‘Stop killing the elephants!’ Worry as rampant poaching threatens wildlife (Kenya)


Jacob Walter, The Nation

Date Published

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The killing of two elephants in Kalacha this week has once again shone the spotlight on rampant poaching in Marsabit County, which is threatening to wipe out wildlife in the region. 

Authorities recovered two rifles and four rounds of ammunition in a security operation following the incident. County Police Commander Martin Kibet said a bullet obtained from one of the carcasses would be subjected to ballistic testing. 

The two elephants were killed when they strayed from Marsabit Forest via Hurri Hills into Kalacha. A third elephant was rescued by Kenya Wildlife Service (KWS) officers. A week ago, residents raised concerns over the establishment of a Kenya Defence Forces camp in Kalacha. They claimed the camp had interfered with the elephants’ migratory corridor.

A local conservationist, Prof Elizabeth Pantoren, said the camp risked worsening human-wildlife conflict as the elephants now strayed into schools and villages. 

Economic Consequences 

The elephant population in northern Kenya stands at 177, according to the last census that was carried out in 2020. [Please note that this figure of 177 is erroneous given that it refers to the Marsabit population rather than that of northern Kenya. —STE editor]

Upper Eastern Regional KWS Director Robert O’Brien said Marsabit is at the heart of the country’s illicit trade in wildlife. “We fear all the Big Five could become extinct if nothing is done to curb poaching and other cultural practices that promote the killing of wild animals,” Mr O’Brien said. He added that elephants are prized for their tusks, tails and hides — assets that have pushed them to the brink of extinction.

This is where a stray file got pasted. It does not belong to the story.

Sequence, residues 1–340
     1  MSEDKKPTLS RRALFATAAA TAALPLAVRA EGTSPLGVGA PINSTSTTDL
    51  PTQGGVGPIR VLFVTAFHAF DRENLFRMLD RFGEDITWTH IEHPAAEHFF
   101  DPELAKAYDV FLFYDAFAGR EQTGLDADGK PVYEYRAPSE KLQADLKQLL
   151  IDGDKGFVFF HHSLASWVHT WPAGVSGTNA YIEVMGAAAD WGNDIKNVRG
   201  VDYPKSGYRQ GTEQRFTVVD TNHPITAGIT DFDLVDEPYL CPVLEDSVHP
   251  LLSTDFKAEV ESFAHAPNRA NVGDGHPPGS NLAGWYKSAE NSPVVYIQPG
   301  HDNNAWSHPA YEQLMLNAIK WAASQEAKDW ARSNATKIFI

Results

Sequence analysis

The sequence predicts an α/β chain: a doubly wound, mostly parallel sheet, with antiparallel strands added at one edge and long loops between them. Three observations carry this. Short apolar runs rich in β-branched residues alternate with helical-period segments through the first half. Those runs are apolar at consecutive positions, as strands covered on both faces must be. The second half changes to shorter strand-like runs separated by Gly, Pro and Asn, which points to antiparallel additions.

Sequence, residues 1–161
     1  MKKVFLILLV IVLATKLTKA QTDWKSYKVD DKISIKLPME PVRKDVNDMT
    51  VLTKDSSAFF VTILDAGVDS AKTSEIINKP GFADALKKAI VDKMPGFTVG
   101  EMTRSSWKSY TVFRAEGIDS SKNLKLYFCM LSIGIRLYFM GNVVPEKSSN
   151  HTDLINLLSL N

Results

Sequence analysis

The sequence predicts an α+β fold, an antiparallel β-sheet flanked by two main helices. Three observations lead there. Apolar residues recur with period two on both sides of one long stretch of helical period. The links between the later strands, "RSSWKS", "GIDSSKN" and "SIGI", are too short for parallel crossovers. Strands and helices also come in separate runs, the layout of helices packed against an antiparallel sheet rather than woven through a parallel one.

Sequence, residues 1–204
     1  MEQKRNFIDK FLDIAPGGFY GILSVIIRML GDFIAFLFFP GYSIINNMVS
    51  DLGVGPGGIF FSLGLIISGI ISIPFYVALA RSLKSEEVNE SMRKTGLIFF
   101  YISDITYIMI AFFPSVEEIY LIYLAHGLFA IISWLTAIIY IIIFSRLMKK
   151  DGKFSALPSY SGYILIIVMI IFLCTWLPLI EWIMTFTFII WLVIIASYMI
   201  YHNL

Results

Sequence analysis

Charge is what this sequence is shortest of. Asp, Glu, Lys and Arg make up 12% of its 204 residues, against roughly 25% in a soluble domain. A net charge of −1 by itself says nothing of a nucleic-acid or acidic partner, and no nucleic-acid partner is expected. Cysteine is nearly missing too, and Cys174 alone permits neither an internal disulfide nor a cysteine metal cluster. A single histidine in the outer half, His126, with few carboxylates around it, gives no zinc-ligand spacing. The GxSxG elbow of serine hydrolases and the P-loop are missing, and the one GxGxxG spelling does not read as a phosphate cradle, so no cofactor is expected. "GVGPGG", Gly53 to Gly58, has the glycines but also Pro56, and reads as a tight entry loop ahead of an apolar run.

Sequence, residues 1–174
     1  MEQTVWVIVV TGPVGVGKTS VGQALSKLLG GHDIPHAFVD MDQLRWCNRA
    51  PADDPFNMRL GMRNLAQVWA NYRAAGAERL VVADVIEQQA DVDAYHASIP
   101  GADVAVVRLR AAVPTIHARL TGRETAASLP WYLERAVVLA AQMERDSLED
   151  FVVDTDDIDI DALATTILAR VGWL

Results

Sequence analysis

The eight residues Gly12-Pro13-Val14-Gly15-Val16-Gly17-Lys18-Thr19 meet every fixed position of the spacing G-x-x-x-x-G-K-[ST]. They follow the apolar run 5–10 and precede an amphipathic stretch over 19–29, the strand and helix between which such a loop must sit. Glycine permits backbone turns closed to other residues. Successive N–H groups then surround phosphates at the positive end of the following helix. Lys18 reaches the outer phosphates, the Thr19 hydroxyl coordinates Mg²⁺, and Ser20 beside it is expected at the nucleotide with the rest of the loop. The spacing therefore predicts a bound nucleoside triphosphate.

Mr O’Brien pointed out that, since the country relies on wildlife tourism as one of its sources of income, poaching had adverse economic effects. He further noted that the negative impacts of poaching also extend to culture as extinction of species will rob future generations of the chance to experience wildlife, thus depriving them of their cultural heritage. 

He observed that local communities rely on wildlife for their cultural identities as they used various animals’ body parts for traditional rituals. 

Cultural Heritage 

For instance, the Rendille and Samburu use lions skins during rites of passage of boys into manhood, while the Turkana use ostrich feathers and the Daasanach leopard skins. 

Young men from the Borana and Gabra communities present the girls they are wooing with elephant tails and ears as a symbol of might and virility. The Wayyu have composed songs in praise of the delicious ostrich meat. 

Mr O’Brien observed that, as these communities continue to kill endangered wild animals, they also destroy their cultural heritage that should be passed on to future generations. This destruction will leave an ecological and cultural vacuum that might be impossible to fill, he said, while expressing concerns that elephant deaths over the decades have exceeded their birth rate. 

He cited the example of Hurri Hills that is no longer inhabited by elephants.